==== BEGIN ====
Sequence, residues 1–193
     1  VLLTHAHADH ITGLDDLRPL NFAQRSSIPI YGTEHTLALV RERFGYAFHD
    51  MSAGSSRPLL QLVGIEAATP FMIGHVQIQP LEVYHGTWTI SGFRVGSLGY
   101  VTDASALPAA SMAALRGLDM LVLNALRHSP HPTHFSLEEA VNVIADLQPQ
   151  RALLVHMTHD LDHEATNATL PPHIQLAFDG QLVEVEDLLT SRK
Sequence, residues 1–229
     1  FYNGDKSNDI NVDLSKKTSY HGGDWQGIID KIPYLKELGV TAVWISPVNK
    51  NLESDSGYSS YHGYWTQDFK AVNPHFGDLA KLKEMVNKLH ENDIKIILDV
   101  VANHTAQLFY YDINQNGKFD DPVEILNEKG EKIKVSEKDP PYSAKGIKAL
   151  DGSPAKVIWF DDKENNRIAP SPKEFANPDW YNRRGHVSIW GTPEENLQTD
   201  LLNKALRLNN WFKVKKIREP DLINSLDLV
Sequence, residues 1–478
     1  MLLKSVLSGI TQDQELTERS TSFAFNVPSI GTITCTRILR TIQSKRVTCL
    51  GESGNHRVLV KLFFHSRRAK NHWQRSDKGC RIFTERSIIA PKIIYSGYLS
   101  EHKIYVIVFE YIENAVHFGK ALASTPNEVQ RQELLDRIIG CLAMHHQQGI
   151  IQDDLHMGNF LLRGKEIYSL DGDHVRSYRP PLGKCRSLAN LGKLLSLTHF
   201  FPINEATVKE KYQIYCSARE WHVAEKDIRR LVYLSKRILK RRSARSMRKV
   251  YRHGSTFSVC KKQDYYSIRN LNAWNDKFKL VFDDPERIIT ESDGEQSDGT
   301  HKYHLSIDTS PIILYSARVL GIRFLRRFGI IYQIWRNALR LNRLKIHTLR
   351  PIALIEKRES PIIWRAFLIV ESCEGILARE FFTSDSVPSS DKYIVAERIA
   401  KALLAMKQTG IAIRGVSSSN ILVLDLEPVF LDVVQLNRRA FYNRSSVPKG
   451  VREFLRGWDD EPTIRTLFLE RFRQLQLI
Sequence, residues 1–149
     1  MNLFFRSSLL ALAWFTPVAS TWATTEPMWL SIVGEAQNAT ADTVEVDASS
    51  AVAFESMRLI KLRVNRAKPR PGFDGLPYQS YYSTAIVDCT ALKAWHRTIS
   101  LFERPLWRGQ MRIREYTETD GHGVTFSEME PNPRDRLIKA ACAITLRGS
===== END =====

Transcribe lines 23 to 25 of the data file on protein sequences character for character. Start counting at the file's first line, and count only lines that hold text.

Sequence, residues 1–149
     1  MNLFFRSSLL ALAWFTPVAS TWATTEPMWL SIVGEAQNAT ADTVEVDASS
    51  AVAFESMRLI KLRVNRAKPR PGFDGLPYQS YYSTAIVDCT ALKAWHRTIS